When we think about exercise to manage conditions like diabetes, cardiovascular disease, and hypertension, it’s common for people to focus on cardio. One reason may be because weight loss is key to managing and preventing chronic conditions and there is a well established misconception that burning more calories by completing tons of cardio is the answer to weight loss. A research-backed approach to decreasing body fat with exercise requires us to take two approaches. We’ll need to burn more energy AND build muscle.
Build Muscle to Burn More
As previously mentioned, weight loss is important in managing and preventing chronic conditions; losing just 10 lbs can reduce A1C levels, improve HDL & LDL, lower inflammation, and improve insulin action. The more muscle we have on our bodies, the more energy we’ll burn with everything we do. So as we increase muscle mass, we increase the effectiveness of every workout and create a greater energy deficit. With a greater energy deficit on a regular basis we’re able to lose weight.
Build Muscle to Prevent Insulin Resistance
The benefits of strength training don’t stop at weight loss, they also include musculoskeletal function, balance, heart health and tt can surprisingly prevent and reverse insulin resistance. Insulin resistance, also known as pre-diabetes, is a major cause of type 2 diabetes. According to the CDC, approximately 96 million American adults—more than 1 in 3—have prediabetes. More than 80% of those don’t know they have it. How does it work? Once we use up the stored energy (glucose) in our bodies during a workout, we’ll begin using the energy in our liver and blood. Over time this uptake improves blood glucose control and reduces the risk of insulin resistance; delaying or even preventing type-2 diabetes.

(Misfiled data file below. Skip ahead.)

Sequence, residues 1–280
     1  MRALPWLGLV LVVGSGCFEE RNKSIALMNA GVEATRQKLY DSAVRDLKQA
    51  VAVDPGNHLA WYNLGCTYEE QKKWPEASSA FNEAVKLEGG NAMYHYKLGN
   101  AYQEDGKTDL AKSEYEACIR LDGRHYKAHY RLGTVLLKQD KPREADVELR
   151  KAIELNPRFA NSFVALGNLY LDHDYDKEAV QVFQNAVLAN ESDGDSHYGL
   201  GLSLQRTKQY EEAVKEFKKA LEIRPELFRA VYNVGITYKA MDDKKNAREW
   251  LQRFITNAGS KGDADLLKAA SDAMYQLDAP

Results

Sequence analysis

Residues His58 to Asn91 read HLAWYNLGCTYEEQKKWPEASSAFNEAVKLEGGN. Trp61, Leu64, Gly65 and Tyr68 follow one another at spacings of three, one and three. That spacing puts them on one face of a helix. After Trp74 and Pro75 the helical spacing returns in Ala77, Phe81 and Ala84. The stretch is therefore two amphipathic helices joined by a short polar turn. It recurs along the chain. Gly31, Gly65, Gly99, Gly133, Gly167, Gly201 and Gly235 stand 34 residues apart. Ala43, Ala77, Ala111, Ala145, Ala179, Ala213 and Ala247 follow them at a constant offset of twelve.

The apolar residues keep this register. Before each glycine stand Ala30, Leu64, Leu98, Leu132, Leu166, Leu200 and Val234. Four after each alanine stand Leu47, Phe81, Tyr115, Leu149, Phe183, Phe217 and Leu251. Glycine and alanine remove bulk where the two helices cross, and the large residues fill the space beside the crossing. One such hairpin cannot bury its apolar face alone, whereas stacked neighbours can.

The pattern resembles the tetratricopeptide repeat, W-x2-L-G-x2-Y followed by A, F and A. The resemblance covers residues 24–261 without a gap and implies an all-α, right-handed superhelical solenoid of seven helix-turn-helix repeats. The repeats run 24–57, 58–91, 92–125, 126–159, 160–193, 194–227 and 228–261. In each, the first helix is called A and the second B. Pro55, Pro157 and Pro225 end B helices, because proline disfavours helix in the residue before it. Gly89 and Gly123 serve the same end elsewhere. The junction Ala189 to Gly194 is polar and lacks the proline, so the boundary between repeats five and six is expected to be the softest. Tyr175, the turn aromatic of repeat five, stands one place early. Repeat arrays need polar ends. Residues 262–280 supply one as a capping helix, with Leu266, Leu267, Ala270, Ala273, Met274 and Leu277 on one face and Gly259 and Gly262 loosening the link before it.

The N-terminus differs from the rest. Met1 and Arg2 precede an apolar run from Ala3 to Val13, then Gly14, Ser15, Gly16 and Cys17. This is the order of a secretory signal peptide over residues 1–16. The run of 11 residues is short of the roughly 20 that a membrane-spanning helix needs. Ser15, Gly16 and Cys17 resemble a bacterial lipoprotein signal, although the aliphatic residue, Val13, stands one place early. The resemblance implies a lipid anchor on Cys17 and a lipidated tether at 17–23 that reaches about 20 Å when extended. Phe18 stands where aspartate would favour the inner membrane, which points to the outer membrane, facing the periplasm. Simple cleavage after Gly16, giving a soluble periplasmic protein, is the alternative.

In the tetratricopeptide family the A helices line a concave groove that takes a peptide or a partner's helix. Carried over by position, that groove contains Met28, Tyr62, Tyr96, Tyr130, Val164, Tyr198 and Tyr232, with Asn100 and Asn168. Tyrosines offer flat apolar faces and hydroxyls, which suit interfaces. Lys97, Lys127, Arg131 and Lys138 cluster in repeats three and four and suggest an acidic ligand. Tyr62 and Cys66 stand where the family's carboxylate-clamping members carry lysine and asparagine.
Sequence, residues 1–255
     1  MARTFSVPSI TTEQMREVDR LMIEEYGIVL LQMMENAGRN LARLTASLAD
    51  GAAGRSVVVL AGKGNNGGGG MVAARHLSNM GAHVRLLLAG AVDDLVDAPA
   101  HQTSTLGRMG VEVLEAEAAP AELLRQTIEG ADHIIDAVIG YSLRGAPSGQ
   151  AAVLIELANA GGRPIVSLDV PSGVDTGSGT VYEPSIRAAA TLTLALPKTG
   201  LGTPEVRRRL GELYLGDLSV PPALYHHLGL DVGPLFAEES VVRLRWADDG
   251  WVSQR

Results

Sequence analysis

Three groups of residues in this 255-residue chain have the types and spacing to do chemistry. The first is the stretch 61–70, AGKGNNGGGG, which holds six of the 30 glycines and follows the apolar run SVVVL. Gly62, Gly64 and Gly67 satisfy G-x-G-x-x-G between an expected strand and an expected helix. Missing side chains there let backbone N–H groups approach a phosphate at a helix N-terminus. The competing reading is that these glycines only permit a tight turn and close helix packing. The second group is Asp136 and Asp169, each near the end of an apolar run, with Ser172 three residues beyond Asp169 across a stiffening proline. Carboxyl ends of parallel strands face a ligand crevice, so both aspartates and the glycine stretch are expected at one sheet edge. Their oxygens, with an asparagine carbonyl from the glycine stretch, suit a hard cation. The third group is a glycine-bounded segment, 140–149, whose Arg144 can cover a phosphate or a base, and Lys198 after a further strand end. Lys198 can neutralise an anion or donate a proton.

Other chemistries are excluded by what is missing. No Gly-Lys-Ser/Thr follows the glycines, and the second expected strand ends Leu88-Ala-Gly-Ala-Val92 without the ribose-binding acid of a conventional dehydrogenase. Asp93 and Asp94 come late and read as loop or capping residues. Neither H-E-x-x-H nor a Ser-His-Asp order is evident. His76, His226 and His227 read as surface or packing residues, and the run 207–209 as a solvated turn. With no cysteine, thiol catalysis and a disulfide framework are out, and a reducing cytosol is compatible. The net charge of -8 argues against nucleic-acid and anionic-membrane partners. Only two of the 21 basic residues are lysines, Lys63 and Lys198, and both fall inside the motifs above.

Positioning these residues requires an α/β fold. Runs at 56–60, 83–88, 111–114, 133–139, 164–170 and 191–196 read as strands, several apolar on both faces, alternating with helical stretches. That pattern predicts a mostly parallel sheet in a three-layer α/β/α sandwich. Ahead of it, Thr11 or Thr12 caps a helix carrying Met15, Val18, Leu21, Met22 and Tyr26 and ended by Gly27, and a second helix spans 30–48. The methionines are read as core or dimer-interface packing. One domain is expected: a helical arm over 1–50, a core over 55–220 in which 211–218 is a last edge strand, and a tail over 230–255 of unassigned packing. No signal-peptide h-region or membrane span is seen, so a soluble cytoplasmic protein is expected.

Build Muscle to Improve Lipids, Blood Pressure, and Heart Health
Strength training can also positively affect lipids, blood pressure, and heart health; lowering our risk for dyslipidemia, hypertension, and cardiovascular events. Strength training stimulates enzymes that move LDL cholesterol from the blood to the liver where it’s digested or excreted. So the more we exercise, the more LDL our bodies expel. Regular physical activity will make our hearts stronger. This will allow us to pump more blood with less effort; decreasing the pressure on our arteries and lowering blood pressure. Strength training also improves the muscles’ ability to pull oxygen out of the blood, reducing the need for the heart to pump more blood to the muscles. This will reduce stress hormones that can put an extra stress on the heart.
Physical Activity Readiness and Chronic Conditions
Physical activity is generally good for most bodies. However there are some instances when we should check with our physician before becoming much more physically active. If you’ve can answer yes to the questions below, you should receive medical clearance before becoming more physically active. You can also try this PARQ self screening tool for a little more help.
- Do you currently experience sign or symptoms of cardiovascular disease, metabolic disease, or renal disease?
- Are you a current exercises with signs or symptoms of who wants to begin vigorous activity
Recommendations to Get Started
When beginning a strength training program start small and look to make gradual progress. Just how much strength training is required to reap diabetes preventing benefits? A study published in the Mayo Clinic Proceedings Journal demonstrated that even “Moderate strength training and an increase in overall muscle mass were shown to reduce a person’s risk of developing type 2 diabetes by 32 percent.” Performing a full-body, High Intensity Interval Training (HIIT) routine, like the ones listed below, just twice a week will do the trick.
American College of Sports Medicine Recommendations for People with Diabetes
- Type: Free weights, bands machines, or bodyweight
- Intensity: Moderate to vigorous
- Duration: 8-10 exercises, 1-3 sets, 10-15 repetitions
- Frequency: At least 2 days a week, 3 would be better, 1 day of rest between sessions
- Progression: Increase resistance and lower repetitions